Survey: Slower growth, volatile profits for chip makers

An increased number of semiconductor vendors expect their revenue growth to slow, which could play a role in making profitability highly volatile in the chip industry over the next five years, according to a study released today by KPMG LLP.

KPMG, a New York-based audit, tax and advisory services firm that is a member of KPMG International, surveyed 94 executives from companies among the top 100 chip makers worldwide, with help from the Semiconductor Industry Association. The firm concluded that declining chip prices, competition from companies in emerging markets and rising research and development costs will sap the coffers of many chip makers in the years ahead.

“This is a warning of an overall slowdown in the semiconductor industry,” Gary Matuszak, global chairman of KPMG’s information, communications and entertainment practice, said in an interview. He added that the slowdown is being driven by a decrease in the price of chips across the board. “It’s beyond any [price war] between Intel and AMD,” Matuszak said. “There is a dramatic decrease in prices.”

According to KPMG, all but one of the executives who were surveyed said that they expect their companies to increase revenue during the next fiscal year. But the percentage of the respondents who expect year-over-year growth of more than 10% was smaller than it was in a similar survey last year, KPMG said.

The study showed that when it comes to profitability, the outlook is even less robust. When asked to project financial results over the next five years, 33% of the surveyed executives said their profits will be flat; 15% said they will decline; and 26% said profit levels will be volatile and unpredictable. The remaining respondents said they think profits will rise at their companies.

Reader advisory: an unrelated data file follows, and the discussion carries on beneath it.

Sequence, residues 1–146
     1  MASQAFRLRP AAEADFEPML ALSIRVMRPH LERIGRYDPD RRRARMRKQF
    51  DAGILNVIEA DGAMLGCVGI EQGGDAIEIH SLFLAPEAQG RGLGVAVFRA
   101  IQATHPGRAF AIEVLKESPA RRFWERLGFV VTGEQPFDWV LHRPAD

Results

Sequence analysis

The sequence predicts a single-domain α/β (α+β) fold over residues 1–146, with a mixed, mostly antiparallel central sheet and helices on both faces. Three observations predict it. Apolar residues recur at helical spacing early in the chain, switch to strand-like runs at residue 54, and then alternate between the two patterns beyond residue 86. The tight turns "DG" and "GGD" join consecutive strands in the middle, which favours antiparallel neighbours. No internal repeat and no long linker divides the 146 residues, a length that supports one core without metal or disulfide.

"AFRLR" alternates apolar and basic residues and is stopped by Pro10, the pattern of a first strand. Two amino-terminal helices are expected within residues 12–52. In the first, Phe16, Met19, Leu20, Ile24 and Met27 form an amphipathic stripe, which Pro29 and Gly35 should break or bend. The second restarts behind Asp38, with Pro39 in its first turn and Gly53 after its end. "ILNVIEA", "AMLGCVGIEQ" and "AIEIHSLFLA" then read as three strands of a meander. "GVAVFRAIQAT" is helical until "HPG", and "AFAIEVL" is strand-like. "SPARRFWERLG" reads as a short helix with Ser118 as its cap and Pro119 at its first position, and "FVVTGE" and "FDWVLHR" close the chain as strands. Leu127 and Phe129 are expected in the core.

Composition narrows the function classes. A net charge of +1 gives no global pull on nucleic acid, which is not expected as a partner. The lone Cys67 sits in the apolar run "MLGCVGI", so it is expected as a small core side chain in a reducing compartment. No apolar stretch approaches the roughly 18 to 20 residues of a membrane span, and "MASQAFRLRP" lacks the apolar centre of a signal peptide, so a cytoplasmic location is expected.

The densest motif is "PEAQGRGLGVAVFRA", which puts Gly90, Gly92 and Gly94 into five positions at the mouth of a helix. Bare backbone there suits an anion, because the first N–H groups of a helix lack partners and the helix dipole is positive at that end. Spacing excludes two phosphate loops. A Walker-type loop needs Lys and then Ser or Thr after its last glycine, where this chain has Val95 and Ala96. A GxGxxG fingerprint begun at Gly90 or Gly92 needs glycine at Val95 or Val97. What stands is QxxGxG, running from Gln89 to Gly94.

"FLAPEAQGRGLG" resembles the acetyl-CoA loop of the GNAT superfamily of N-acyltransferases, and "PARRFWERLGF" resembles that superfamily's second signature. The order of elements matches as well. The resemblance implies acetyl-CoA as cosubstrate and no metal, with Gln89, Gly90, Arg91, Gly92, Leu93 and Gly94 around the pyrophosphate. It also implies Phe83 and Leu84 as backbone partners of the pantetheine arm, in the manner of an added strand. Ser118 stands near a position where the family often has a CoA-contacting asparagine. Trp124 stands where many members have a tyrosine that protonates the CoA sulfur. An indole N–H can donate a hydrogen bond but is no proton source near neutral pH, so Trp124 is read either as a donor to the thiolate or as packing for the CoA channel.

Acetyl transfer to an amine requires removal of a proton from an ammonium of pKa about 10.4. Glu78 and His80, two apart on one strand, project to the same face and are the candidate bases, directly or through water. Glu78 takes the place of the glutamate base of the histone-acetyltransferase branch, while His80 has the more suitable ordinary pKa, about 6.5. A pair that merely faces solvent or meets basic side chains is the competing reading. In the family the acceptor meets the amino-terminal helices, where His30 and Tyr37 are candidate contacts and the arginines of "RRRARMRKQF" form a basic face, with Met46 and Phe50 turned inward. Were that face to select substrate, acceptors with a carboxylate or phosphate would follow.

“Executives are much less optimistic than they were a year ago,” Matuszak said. “Corporate spending is going to be down, with the demand for new products coming from the consumer sector, which generally has a lower price point.”

Matuszak added that most chip makers won’t scrimp when it comes to research and development, which will further drain money from the profit pot. “I think R&D spending will most likely still go up,” he said. “Companies realize they have to innovate to be successful.”

Seventy-five percent of the executives surveyed by KPMG said they expect R&D spending to increase in the next fiscal year. However, that number is down from the 85% who responded similarly to the same question in last year’s survey, Matuszak noted.

On Tuesday, Toshiba Corp. announced plans to expand its ongoing collaboration with an IBM-led research group that is working to develop 32-nanometer chip manufacturing technology.

Dan Olds, an analyst at Gabriel Consulting Group Inc., said after Toshiba’s announcement that semiconductor companies are banding together to share weighty R&D costs. “It costs a lot of dough to be on the cutting edge, and it’s risky,” he said. “You can screw up your fast chips in a whole bunch of ways, and it can be hugely expensive to fix them — not to mention the time lost.”

Olds suggested that the best approach for chip makers might be to “gang up with other bright guys and get the technology right together.”

In fact, KPMG predicted that the likelihood of slower growth and uncertain profits will spark a new wave of mergers in the chip industry.

“Companies will try to buy new products and innovations, rather than getting them through R&D,” Matuszak said. “We’ll see further consolidation, and more companies outsourcing their manufacturing so they can focus on innovation.”

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